Something that I’ve only recently discovered, through my own chauvinism (and it came as a bit of a surprise), is that I’m a feminist. This is a topic of conversation that many men, or at least those that are willing to discuss it, will tread with great caution. As with most things that one knows relatively little about it’s often considered wise to remain quiet and be considered a fool than open your mouth and remove all doubt.
Until recently, if probed on this I would have probably responded along the lines of “Of course I think we’re all equal, I treat everyone with the same respect so what more can or should I do than that?”. However, the problem with remaining quiet is that it makes it difficult to diagnose the root cause of a problem, and a lack of discussion will hamper progress towards the common goal of equality.
So if we’re agreed that we’re all equal and someone should be paid the same or given the same opportunities for the same work regardless of gender, then why are we still living in a society where this isn’t reflected in the stats?
Is it just that it will take time for this attitude to pass through the generations? You only need scratch the surface to see the complexity of the issue. Industry, politics, education, sports, media and religion are all entrenched in cultures that are either difficult or seemingly impossible to change.
Then there’s biology, which is the one place where a difference should perhaps be taken into account, but we’re all too terrified to discuss for fear of treading on a land mine.
The catalyst for this topic for me came when listening to a series of about 240 comedy podcasts on my daily commute (by a comedian called Richard Herring), most of which interview male comedians, many of whom I was familiar with. At the end of the 16 series run there were some 35 podcasts remaining from female comedians that I had not heard of and had – consciously or subconsciously – skipped. Somewhat ashamed of this I decided to listen to them all, and whilst the standard of comedy easily matched the others, it was clear that there was a need to push the message in their interviews and material that there aren’t enough female role models in comedy, TV or politics.
This series lead me to ‘The Guilty Feminist’ podcast – hosted by Deborah Frances-White. The topic and nuances of feminism and the contradictions and hypocrisy that even ardent feminists experience in their own opinions made me feel more familiar with the term, and realise how my views were aligned with the movement and, importantly, that men can be feminists too.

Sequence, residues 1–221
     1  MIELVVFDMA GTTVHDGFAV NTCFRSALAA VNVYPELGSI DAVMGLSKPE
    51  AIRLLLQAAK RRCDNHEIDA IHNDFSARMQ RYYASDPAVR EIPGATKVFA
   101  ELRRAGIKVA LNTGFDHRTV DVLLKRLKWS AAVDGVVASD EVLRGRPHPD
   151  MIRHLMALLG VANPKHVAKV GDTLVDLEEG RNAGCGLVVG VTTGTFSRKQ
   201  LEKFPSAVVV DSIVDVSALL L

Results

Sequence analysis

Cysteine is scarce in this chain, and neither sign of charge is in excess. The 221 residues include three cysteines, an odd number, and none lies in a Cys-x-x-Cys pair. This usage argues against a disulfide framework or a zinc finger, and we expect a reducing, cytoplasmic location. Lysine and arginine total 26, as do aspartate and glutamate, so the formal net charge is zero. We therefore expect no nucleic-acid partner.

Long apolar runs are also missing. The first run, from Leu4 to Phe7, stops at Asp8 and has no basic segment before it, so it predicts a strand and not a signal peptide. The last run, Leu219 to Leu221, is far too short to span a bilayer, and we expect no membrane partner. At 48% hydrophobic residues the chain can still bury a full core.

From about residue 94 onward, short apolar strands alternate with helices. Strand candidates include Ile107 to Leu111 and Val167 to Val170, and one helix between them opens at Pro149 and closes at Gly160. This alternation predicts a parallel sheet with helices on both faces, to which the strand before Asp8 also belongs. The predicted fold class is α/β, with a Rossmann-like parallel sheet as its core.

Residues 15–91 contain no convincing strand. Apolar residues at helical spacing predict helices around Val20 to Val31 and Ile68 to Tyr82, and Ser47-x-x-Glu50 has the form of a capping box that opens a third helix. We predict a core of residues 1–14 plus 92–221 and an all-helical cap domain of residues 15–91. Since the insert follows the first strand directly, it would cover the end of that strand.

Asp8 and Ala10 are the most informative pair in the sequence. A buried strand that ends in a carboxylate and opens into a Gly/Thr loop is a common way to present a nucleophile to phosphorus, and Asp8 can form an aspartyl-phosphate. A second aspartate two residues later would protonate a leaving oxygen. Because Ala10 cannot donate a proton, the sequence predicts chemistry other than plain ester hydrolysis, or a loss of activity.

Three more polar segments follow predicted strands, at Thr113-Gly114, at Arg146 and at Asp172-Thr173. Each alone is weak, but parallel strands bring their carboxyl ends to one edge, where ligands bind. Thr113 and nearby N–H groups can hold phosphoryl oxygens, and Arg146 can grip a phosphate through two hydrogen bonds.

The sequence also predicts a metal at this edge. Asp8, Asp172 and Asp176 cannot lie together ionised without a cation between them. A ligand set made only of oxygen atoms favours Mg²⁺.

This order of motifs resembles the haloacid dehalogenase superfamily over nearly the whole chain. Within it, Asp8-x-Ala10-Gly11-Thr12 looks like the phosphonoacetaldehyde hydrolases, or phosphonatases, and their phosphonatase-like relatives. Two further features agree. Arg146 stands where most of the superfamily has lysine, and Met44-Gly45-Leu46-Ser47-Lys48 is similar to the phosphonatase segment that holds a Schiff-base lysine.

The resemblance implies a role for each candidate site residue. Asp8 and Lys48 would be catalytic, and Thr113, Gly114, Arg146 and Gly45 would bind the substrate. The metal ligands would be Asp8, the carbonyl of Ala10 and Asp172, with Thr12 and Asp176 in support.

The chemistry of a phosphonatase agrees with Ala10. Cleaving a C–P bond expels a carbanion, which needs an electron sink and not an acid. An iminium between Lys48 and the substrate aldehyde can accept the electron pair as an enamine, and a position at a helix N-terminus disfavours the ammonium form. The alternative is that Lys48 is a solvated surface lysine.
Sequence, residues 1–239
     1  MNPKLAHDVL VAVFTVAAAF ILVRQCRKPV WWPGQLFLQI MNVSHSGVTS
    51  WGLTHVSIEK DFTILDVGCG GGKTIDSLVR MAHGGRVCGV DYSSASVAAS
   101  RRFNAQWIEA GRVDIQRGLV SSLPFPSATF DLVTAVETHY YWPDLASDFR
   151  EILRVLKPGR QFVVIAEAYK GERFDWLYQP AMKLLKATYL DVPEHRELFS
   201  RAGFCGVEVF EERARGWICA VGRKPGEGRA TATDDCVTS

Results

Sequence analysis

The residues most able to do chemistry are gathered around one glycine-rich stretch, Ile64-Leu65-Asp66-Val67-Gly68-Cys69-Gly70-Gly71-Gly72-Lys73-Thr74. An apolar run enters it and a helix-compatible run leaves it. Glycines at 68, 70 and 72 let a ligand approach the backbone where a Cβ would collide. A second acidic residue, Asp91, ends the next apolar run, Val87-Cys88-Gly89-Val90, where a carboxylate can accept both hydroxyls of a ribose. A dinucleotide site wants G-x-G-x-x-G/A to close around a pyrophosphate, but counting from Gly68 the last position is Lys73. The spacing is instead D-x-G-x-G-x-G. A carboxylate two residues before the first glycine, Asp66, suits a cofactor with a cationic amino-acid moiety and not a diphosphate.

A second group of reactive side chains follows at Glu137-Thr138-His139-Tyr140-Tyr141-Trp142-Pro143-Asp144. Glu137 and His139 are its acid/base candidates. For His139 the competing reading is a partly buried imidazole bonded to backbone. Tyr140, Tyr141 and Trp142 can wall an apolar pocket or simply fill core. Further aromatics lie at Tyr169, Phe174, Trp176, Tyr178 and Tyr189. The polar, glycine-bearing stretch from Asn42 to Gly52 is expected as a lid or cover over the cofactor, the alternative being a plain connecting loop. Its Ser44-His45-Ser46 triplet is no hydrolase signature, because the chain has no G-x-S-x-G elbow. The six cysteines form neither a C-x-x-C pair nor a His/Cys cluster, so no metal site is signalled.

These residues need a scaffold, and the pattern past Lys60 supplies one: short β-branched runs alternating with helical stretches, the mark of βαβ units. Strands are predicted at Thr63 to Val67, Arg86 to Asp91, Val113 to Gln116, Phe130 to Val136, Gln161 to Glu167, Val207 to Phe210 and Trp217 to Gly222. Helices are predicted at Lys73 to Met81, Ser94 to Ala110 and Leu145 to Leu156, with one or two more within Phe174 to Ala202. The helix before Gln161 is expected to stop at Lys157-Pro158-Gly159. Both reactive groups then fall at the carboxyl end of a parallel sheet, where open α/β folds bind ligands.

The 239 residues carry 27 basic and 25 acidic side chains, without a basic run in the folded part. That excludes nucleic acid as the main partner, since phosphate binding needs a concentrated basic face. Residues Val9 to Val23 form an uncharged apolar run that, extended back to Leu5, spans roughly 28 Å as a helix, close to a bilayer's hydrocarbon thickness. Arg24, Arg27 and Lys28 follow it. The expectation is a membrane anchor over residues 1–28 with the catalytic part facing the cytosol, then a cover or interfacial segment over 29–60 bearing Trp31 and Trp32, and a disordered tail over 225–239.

When it comes to equality in the workplace men are certainly part of the problem, but we will also need to be part of the solution. So it’s clear to me that sitting by and watching the topic unfold with our approval is not going to be enough.
I write all of this as someone who has the definition of ‘Feminism’ open in a Google search tab for fear of making a faux pas that will make me seem ignorant or arrogant. But whilst I’m more than aware of the lack of equality and female role models in our society and the construction industry it’s not the only experience that I’ve had in my professional career.
Having worked for three lighting design practices in the past 14 years I’ve always had a female boss or head of practice. I currently work in a design practice that is largely recognised for its female contingent and have two older sisters, so female role models and leadership are something that I’m perhaps more familiar with than some men. Through work I often deal with confident, capable and professional women and men going about their daily jobs.
Viewed through my lens, I’m rarely conscious of any possible anxiety women may have related to their gender, especially, for example, when they’re the only female in a meeting with ten other design team members.
Yet things are not always what they seem, and I’d like to encourage men to be aware of our privilege and that the outlook displayed by our female peers might not be as effortless as it’s made to look.
It’s possible that men are uncomfortable with the concept of feminism, as it often broaches the need for ‘admission of privilege’ and ‘relinquishing power’. However, there’s a flip side to this and it’s worth exploring the merits of equality further as it provides opportunities for important yet to some ‘un-manly’ concepts, such as a more balanced work and family life and access to a massive range of inspiration.
This is a topic that needs not only support from both genders but healthy discussion too, to speed up its practice in society, but it’s important to do some research. I’ve included a few links below to some really inspirational and easily digestible content that helped me understand this issue from someone’s viewpoint other than my own and hopefully help avoid mansplaining feminism to women.
Published in Collaboration with: Women in Lighting